It takes years to really understand some films, and in a certain sense to stand up to them. Particularly those made by world-class filmmakers — films with lots of style and jazz up their sleeves. If you ask me the Chicago critics in this early ’99 video clip — Roger Ebert, Michael Wilmington, Jonathan Rosenbaum, Ray Pride and Dann Gire — were so swayed by Stanley Kubrick‘s reputation as a genius-level director that they couldn’t quite bring themselves to just look at Eyes Wide Shut for what it really was and just say that.
Last night I re-watched the Eyes Wide Shut Bluray, and of course, as usual, I was sucked in start to finish. But I’m even more convinced now than ever before that this is one of the most soulless wanks (in terms of actual content as opposed to the look and mood of it) ever created by a major director.
I said this in a March 2000 piece called “Stanley Was Slippin’.” A 1996 documentary about Kubrick called “Stanley Kubrick: The Invisible Man” more or less said that. And Malcolm McDowell definitely said that in his assessment of Kubrick’s final artistic essence. His portion starts at 4:30 in the clip that follows:
You really need to listen to McDowell in this clip. He worked with Kubrick, knew him well, obviously saw through to the bottom of him. Once you’ve done that, read on.
Here’s how I put it way back when:
“I once referred to Eyes Wide Shut as a ‘perfectly white tablecloth.’ That implies purity of content and purpose, which it clearly has. But Eyes Wide Shut is also a tablecloth that feels stiff and unnatural from too much starch.
“Stanley Kubrick was one of the great cinematic geniuses of the 20th century, but on a personal level he wound up isolating himself, I feel, to the detriment of his art. The beloved, bearded hermit so admired by Tom Cruise and Steven Spielberg (both of whom give great interviews on the Eyes Wide Shut DVD) had become, to a certain extent, an old fogey who didn’t really get the world anymore.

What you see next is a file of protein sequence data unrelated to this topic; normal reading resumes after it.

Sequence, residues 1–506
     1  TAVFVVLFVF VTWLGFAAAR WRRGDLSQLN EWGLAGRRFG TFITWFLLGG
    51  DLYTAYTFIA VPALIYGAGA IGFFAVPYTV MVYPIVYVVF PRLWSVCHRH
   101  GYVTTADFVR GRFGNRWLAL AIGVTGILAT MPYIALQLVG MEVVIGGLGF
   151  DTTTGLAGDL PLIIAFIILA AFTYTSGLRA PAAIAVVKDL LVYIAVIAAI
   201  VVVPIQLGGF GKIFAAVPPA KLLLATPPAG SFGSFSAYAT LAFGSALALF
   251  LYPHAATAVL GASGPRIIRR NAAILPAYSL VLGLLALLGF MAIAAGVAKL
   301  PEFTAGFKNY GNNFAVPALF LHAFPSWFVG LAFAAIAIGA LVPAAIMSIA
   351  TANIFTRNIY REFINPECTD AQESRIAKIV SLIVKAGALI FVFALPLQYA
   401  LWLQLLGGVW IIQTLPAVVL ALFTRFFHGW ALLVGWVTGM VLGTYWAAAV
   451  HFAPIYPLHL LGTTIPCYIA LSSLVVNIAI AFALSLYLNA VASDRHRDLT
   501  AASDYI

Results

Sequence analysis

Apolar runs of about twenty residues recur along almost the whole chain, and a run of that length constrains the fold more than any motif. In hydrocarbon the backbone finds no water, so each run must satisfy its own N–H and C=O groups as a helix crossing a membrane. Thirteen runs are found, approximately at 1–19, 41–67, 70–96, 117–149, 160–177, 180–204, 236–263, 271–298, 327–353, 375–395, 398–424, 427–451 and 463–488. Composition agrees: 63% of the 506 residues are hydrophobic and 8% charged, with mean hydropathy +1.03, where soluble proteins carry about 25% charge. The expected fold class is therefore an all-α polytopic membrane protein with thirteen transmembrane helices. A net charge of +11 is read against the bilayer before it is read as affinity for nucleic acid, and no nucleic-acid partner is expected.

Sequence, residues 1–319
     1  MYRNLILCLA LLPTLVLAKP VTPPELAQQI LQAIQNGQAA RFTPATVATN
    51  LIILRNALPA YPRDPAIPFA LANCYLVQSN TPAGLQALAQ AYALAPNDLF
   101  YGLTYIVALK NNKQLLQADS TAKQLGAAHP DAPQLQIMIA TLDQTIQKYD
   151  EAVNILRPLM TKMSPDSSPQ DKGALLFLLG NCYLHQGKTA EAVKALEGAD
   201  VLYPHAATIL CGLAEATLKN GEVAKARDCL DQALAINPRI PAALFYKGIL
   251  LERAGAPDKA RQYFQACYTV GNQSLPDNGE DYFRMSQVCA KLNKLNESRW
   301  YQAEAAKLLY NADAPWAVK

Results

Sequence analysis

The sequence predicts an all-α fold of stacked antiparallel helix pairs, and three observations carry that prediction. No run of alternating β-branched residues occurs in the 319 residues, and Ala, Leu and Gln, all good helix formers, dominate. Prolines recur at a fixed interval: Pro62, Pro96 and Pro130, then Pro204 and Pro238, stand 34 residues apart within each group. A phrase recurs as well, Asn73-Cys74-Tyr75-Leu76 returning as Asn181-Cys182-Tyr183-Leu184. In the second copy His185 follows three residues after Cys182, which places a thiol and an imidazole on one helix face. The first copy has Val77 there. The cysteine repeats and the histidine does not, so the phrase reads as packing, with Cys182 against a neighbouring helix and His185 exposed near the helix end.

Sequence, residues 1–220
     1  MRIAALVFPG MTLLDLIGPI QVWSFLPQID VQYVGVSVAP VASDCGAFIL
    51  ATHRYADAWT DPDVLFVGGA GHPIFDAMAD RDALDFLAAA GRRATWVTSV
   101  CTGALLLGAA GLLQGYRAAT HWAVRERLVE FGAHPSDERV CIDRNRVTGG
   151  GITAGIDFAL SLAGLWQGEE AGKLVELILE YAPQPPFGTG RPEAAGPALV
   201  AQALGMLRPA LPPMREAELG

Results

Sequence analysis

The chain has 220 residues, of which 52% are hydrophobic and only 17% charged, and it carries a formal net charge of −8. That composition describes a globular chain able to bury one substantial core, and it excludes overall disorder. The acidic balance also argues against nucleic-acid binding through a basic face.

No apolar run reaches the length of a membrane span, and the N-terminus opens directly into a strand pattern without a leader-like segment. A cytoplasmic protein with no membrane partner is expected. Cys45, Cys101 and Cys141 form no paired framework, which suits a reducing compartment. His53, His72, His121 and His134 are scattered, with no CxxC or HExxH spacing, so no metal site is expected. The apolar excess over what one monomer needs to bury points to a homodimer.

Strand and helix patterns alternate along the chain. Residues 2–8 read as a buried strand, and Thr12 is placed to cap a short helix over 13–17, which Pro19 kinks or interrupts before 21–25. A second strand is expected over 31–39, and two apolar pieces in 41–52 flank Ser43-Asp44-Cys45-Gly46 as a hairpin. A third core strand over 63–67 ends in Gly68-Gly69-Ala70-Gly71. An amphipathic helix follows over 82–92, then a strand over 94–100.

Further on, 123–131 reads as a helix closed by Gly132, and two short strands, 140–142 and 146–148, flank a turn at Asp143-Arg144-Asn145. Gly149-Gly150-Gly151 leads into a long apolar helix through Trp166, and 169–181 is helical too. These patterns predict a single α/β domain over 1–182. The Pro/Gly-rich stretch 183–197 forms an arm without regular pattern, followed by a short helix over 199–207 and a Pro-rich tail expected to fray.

“Not that he wanted or needed to. He created in his films worlds that were poetically whole and self-balancing on their own aesthetic terms. But as time went on, they became more and more porcelain and pristine, and less flesh-and-blood. Eyes Wide Shut is probably the most porcelain of them all.
“I remember writing two or three pieces in ’99 and ’00 about how Eyes Wide Shut was a fascinating stiff that essentially portrayed of the decline of Stanley Kubrick. I remember bully-boy David Poland unloading ridicule in my direction because of this. All to say that it gave me comfort to come upon a similar judgment in David Thomson‘s re-review of Kubrick’s final film, which is found on page 273 of Have You Seen…?.
Here’s the first paragraph and two sentences at the article’s end:
“This is the last film of Stanley Kubrick — indeed, he died so soon after delivery of his cut that the legend quickly grew that he intended doing more things to his movie. But it’s hard at the end not to see the substantial gulf between the man who knew ‘everything’ about filmmaking but not nearly enough about life or love or sex (somehow, over the years those subjects did get left out).
“Not that the film lacks intrigue or suggestiveness. Mastery can be felt. It is just that the master seems to have forgotten, or given up on figuring out, why mastery should be any more valuable than supremacy at chess or French polishing.”
The last two lines of Thomson’s review: “It is a shock to find that the film is only 159 minutes. Every frame feels like a prison.”
From my March 2000 review: “If you want your art to matter, stay in touch with the world. Keep in the human drama, take walks, go to baseball games, chase women, argue with waiters, ride motorcycles, hang out with children, play poker, visit Paris as often as possible and always keep in touch with the craggy old guy with the bad cough who runs the news stand.